The Role of Online Pharmacies and Personal Importation in the Battle for Lower Drug Prices

Written by Gabriel Levitt, MA | Posted April 29, 2021

Last night, in his speech before Congress, President Biden called for allowing Medicare to negotiate drug prices to bring down the cost of drugs in the United States. Before thinking this is some liberal vs. conservative, Democrat vs. Republican thing, you should know that a huge majority of voters on both sides of the aisle want this to happen. We at PharmacyChecker want this to happen. I started a nonprofit organization, Prescription Justice, in which allowing Medicare to negotiate drug prices is a staple of the group’s policy platform. That support does not diminish my advocacy for safe personal drug importation as an important tool to protect Americans from high drug costs.

PharmacyChecker is in some respects different from most companies in that we believe in public policies to lower drug prices that could very well weaken demand for the information we provide on our website. In short: PharmacyChecker’s niche is providing consumers with the information they need to safely obtain a prescription drug they can actually afford from Canada or another country. That demand is there because the prices of many brand-name drugs are around 90% lower in other countries. If the government—Republicans, Democrats, etc.— gets its act together to finally lower drug prices, then fewer Americans will need to look to Canada and abroad for drug affordability. Our company (and I) would like to see such change!

In the meantime, we absolutely need to make it easier for patients to safely import lower-cost prescription drugs. To highlight prescription drug importation as the public health imperative that it is, PharmacyChecker released its own analysis of 10 drugs from a newly released GAO report on drug prices, one requested by Sen. Bernie Sanders (VT-I). The potential average savings of those prescription drugs through personal drug importation was 89%.

Senator Sanders and colleagues are placing pressure on the Biden administration to include policies to expand and improve healthcare – and reduce drug prices – as part of his sweeping American Families Plan legislation. Their focus is on Medicare negotiation of drug prices – not importation. It seems that Biden will not be including drug price reforms in his American Families Plan bill – but is committed to signing legislation this year to allow Medicare to negotiate drug prices.

The GAO report shows that drug prices are two to four times higher in the United States than in three other high-income countries. It explains the public policies employed in those countries to keep drug costs reasonable. In announcing the GAO report, Senator Sanders stated: “We can no longer tolerate the American people paying, by far, the highest prices in the world for prescription drugs.”

PharmacyChecker’s analysis shows that they don’t have to.

Safe international online pharmacies exist and play an important role as providers for those Americans that have fallen through the cracks of our broken healthcare system. Wholesale drug importation, through which people and businesses import and resell prescription drugs, as a means to lower drug prices is categorically illegal without the consent of the drug manufacturers. This is not the case for personal drug importation, and it’s high time for this to be brought to the forefront of the debate. From our press release yesterday:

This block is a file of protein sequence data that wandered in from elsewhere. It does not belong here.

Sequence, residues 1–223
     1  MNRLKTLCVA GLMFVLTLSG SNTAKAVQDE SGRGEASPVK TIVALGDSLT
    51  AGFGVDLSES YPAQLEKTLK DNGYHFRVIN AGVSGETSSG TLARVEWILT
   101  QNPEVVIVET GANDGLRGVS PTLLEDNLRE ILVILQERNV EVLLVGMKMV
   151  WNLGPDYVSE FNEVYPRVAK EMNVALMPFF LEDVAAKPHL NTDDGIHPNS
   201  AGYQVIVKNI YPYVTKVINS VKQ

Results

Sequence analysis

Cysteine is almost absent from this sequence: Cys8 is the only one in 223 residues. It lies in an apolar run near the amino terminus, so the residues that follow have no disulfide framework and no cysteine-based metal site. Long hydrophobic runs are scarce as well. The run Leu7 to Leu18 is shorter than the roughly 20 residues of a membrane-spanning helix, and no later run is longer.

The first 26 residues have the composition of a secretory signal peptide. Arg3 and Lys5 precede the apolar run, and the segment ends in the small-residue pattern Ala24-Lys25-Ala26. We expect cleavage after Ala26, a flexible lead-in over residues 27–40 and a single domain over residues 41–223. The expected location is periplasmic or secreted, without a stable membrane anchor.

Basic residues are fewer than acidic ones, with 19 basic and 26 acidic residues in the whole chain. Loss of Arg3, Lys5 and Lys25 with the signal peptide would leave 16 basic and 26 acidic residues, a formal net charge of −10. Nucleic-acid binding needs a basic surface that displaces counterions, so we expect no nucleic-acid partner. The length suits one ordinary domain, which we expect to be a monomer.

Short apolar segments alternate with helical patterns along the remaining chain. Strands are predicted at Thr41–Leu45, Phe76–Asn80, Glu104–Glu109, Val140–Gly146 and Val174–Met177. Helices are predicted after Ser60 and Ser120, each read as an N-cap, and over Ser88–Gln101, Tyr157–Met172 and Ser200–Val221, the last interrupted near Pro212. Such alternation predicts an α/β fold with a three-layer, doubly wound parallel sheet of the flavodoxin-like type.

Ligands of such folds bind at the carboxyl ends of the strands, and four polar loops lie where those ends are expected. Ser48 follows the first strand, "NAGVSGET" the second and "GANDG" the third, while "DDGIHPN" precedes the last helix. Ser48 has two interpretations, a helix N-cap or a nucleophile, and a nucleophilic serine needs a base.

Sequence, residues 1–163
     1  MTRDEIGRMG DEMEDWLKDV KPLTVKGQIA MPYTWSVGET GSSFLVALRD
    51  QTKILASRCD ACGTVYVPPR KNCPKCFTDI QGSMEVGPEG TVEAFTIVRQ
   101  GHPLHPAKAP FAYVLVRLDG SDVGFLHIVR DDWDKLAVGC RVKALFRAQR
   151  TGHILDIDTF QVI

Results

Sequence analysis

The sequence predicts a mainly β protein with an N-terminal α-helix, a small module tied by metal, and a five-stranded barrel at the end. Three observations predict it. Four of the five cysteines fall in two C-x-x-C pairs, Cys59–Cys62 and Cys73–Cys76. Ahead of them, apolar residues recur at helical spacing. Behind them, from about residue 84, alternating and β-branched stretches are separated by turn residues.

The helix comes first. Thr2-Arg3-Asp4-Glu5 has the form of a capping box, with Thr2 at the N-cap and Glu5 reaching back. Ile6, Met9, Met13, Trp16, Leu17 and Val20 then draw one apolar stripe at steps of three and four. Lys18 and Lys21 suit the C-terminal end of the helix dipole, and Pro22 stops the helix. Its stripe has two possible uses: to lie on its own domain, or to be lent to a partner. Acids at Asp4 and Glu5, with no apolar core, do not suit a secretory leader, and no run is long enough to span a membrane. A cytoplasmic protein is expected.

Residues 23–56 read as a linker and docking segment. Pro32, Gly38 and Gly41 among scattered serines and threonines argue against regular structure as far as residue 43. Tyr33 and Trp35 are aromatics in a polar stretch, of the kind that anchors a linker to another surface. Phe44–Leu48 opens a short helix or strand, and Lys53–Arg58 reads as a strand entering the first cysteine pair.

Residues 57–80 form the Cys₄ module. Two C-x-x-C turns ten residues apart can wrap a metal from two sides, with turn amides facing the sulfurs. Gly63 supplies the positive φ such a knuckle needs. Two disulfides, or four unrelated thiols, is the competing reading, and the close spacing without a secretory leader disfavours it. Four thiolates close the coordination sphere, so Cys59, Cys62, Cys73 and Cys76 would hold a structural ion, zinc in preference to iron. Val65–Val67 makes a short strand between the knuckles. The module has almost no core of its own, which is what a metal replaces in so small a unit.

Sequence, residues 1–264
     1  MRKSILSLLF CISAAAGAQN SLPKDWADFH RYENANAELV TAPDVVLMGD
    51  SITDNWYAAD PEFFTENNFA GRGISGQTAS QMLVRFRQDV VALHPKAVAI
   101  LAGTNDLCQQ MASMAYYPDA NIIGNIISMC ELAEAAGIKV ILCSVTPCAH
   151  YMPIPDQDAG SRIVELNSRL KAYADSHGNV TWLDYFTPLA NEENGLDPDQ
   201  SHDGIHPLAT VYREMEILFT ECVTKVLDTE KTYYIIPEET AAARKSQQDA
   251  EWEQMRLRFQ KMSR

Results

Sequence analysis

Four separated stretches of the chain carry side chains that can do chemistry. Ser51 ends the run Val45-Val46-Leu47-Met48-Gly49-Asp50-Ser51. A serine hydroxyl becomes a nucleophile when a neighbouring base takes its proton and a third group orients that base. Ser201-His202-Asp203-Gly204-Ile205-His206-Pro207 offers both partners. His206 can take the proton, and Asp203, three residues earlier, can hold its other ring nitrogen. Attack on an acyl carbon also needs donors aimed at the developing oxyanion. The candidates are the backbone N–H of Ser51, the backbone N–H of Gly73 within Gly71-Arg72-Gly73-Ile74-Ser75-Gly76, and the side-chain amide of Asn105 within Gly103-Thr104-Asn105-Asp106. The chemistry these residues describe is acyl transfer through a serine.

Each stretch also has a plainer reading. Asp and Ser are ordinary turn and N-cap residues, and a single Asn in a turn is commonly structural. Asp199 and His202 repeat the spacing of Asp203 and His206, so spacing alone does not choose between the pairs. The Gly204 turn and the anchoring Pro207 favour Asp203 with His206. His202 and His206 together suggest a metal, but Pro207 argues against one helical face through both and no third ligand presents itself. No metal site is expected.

Under federal law, Section 804 (J) of the Food, Drug, and Cosmetic Act, Congress declares that the FDA ‘should… exercise discretion to permit individuals to’ import prescription drugs for their own use that do ‘not appear to present an unreasonable risk to the individual.’ Through peer review and a decade of testing international prescription drug orders, personal importation is found to be safe when consumers receive good guidance about credentialed online pharmacies. About 2.3 million Americans import medication each year, according to a report published in the Journal of the American Medical Association.”

Opponents of drug importation, namely Big Pharma and Pharma-funded friends, will continue to say federal law doesn’t allow it – but it does. Just read it.

Drug price negotiations are the right long-term policy to bring down prices in the U.S., but it will take time to get legislation passed and regulations implemented. Federal law has clear flexibilities built in to make safe personal drug importation a more effective lifeline for Americans, who are increasingly going without medications due to cost. Furthermore, even if the strongest drug price legislation on the table today – The Elijah E. Cummings Lower Drug Costs Act Now – is enacted, we will still see uninsured or underinsured Americans face daunting or flat-out unaffordable prescription drug prices. Personal drug importation can remain a lifeline for those that need it.

Many companies, most notoriously the pharmaceutical industry, only lobby the government to advocate policies that will help their companies maintain or increase profits. As a tiny company, we have little lobbying power, but we try to do what we can to bat for policies that could make our company more viable and helpful – and even make more money. But we’re comfortable in staying small in a more reasonably priced American pharmaceutical market in the future where health justice prevails.

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